If you’re close to graduating from a post-secondary institution, you may have already started to think about applying for jobs related to your field of study. While school is an excellent place to expand your general knowledge, not all post-secondary programs provide students with adequate opportunities to put what they’ve learned into practice. Employers often expect applicants to have some hands-on experience under their belt to be considered for most entry-level positions.
So how do you get this experience to build your skill set? Consider interning at an environmental or conservation organization, such as the Nature Conservancy of Canada (NCC), during your summer break.
By doing a conservation internship, you’ll have an advantage over other applicants who may lack this kind of experience, and it will improve your chances of landing that dream entry-level job in the conservation sector. In fact, many former NCC interns have gone on to become full-time NCC staff, including Lisa McLaughlin, NCC’s vice-president of conservation policy and planning. Past NCC interns have also gone on to have successful careers in conservation at other organizations. For example, former NCC intern Donald Humphrey is now the regional manager of Fisheries and Oceans Canada’s Species at Risk program.
Here are some valuable assets and skills you can develop by interning in conservation:
Planning and organization
No matter what career path you choose to follow, the ability to plan ahead and be organized is highly valued by employers. This past summer, some Nature Conservancy of Canada (NCC) interns put these skills into action while planning Conservation Volunteers events.
“Over the summer, I organized three separate Conservation Volunteers events: Duck Day, Boughton Island Kayak Cleanup and Owl Build You a Nest Box,” says Leigh Gustafson, former Conservation Intern in Prince Edward Island. “The preparation and execution of these events taught me time management and public outreach skills, as well as how to think on my toes in moments when things don’t go according to plan.”
Working with your hands and using tools
While NCC expects its internship program applicants to be comfortable working with their hands and have familiarity with using tools, doing an internship can help you hone these transferable skills and learn how to use new tools.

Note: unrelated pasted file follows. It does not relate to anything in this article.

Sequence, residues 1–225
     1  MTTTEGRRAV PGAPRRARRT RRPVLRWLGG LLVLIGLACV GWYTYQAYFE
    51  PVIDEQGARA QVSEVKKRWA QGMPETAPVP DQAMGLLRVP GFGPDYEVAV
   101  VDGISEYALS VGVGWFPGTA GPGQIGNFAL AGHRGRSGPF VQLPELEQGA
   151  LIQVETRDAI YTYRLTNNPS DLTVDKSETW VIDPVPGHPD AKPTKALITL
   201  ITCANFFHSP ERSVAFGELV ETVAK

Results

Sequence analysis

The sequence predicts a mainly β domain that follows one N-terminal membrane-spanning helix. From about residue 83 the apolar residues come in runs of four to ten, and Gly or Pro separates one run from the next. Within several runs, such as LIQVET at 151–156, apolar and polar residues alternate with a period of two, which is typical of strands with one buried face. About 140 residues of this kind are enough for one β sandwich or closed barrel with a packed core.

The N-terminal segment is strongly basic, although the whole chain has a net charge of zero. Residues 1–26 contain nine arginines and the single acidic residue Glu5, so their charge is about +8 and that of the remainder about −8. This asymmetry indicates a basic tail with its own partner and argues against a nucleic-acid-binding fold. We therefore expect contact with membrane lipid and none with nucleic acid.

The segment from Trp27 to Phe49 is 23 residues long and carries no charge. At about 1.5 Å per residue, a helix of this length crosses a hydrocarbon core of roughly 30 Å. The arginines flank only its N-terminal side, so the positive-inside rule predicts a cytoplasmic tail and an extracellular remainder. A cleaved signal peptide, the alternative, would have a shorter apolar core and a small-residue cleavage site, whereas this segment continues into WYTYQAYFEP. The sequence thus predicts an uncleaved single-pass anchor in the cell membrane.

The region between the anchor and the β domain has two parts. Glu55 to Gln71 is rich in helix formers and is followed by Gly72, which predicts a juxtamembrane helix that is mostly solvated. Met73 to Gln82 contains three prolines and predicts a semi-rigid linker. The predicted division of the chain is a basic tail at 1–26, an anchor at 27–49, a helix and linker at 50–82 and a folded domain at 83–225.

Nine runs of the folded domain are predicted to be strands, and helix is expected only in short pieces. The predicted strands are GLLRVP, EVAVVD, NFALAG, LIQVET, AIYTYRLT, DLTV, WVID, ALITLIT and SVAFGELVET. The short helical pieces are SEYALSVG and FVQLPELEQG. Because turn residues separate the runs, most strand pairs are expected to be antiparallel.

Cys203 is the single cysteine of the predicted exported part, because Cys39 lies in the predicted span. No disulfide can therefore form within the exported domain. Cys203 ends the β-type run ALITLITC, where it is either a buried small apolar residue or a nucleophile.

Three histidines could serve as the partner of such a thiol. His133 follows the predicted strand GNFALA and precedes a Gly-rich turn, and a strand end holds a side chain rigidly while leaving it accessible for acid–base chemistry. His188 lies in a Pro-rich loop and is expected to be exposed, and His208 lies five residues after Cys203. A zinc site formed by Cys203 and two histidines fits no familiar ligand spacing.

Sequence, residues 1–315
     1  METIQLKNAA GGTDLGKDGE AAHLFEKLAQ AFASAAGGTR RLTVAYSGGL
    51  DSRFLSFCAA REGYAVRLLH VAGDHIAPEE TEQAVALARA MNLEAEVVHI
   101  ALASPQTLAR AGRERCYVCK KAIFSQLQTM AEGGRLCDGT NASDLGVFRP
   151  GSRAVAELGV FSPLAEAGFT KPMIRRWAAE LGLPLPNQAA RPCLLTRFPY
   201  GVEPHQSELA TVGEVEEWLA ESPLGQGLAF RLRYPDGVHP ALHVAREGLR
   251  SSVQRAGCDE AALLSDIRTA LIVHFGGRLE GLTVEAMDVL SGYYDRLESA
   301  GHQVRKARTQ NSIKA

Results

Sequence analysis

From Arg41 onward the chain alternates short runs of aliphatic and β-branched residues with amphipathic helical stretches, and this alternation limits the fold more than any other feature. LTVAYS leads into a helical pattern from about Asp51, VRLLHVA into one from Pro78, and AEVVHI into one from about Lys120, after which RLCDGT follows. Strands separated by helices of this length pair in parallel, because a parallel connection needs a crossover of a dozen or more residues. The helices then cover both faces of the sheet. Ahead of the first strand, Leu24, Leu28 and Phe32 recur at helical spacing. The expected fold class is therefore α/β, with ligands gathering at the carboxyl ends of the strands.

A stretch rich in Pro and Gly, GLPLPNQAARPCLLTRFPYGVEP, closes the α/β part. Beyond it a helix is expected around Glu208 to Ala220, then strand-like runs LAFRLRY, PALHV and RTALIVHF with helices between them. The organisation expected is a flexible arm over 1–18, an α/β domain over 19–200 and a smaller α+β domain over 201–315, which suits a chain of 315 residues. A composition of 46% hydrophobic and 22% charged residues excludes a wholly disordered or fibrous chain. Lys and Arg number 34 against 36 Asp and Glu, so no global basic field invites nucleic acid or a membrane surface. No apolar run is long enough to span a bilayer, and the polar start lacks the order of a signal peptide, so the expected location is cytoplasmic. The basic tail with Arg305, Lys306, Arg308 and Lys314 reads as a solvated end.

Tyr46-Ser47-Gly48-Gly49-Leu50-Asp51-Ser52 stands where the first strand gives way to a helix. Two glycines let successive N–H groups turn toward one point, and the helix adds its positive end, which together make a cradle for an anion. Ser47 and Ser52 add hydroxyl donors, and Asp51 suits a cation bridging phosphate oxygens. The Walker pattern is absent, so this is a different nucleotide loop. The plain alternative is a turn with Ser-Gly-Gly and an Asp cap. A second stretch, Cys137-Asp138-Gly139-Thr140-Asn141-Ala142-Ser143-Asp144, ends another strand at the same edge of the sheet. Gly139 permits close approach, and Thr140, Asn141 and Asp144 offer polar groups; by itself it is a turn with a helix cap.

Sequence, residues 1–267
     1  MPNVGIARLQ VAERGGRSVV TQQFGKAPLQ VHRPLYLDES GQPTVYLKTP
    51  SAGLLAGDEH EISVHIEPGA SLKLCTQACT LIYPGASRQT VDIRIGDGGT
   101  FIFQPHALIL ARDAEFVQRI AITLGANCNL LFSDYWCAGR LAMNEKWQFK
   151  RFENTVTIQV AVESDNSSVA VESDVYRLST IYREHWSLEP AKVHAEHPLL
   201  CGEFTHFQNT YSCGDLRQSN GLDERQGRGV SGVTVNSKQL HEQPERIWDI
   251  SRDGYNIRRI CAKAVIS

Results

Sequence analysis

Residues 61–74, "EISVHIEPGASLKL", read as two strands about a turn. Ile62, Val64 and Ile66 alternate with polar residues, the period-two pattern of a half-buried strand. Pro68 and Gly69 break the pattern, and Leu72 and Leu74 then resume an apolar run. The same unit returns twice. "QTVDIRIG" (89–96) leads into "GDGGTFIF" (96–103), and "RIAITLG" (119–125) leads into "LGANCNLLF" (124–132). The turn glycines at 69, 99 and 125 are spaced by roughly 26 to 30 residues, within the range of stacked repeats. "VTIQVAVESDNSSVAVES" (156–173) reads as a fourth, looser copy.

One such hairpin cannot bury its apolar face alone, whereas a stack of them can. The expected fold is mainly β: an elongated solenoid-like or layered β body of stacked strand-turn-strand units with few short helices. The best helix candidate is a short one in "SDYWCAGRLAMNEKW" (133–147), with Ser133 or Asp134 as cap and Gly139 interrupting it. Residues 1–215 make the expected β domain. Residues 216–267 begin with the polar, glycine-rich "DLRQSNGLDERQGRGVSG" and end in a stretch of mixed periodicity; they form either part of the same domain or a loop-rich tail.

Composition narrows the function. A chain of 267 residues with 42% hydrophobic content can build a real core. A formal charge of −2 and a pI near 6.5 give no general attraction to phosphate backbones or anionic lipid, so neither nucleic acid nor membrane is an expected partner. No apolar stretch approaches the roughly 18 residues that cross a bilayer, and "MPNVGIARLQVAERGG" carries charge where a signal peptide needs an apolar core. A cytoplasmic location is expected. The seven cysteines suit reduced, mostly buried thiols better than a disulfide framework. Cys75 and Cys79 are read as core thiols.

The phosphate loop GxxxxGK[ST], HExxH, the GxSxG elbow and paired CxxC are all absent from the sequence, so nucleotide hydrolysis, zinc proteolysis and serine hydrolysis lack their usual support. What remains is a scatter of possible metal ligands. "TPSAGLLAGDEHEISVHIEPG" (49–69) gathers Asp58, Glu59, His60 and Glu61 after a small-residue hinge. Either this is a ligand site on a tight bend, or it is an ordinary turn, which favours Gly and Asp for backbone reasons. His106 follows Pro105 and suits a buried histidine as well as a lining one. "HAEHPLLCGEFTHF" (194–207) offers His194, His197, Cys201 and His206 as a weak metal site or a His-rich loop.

“During my time with NCC, I learned how to wrap barbed wire fencing, remove fence posts by hand and clear a fence line,” says Christine Kuntzemann, former northern Alberta Conservation Intern.
Former interns have also gained experience using a wide range of tools, such as hammers, fencing pliers, loppers and secateurs.
Being able to identify species, especially invasive ones, is a crucial skill for many conservation sector positions, including field technician positions, environmental restoration jobs, range and riparian specialists and county weed inspectors. This aptitude is especially helpful for any role that involves identifying plants and managing land.
“I had never had formal training in flora or fauna identification, especially not with those found on PEI,” says Leigh. “I’m proud to say that I can now successfully identify all of PEI’s native tree species and a few shrubs and plants.”
Teamwork, communication and interpersonal skills
Virtually any job in the conservation sector requires working and interacting with others who come from diverse backgrounds and with their own viewpoints. Not only will you be interacting with fellow colleagues, but also with local landowners, partner organizations or community members.
“Jocelyn Wood, NCC’s West Coast program stewardship coordinator, taught me how to represent NCC while interacting with landowners, land managers and the public,” says Millie Kuyer, former BC Conservation Intern.
If you plan on applying to a position involving research or field work, the precision and observation skills involved in data collection will be especially important. Many former NCC interns have had opportunities to gain this valuable experience.
“I worked alongside British Columbia’s stewardship coordinator Richard Klafki to set up and collect data from remote cameras that tracked recreational trail usage and wildlife, including elk, deer, wolves and cougars,” says Millie.
In addition to the above skills, an internship provides you with opportunities to network with others in the conservation sector, including senior staff. With today’s highly competitive job market, networking has become especially important. Sending your application through an online portal can be compared to sending it into a black hole.
“My internship with NCC provided me with opportunities for both personal and professional growth. I have a new, more dynamic perspective on environmental stewardship and conservation, and a better understanding of what it means to work with communities, industry and other partners in ecosystem and land management,” says Millie. “I’m more certain now than ever that I am well-equipped — through education, experience and mentorship — to advance further down this incredible career path.”
NCC offers approximately 50 intern positions across the country every year, with most advertised and filled between January and April. To learn more about NCC’s Conservation Internship program, click here.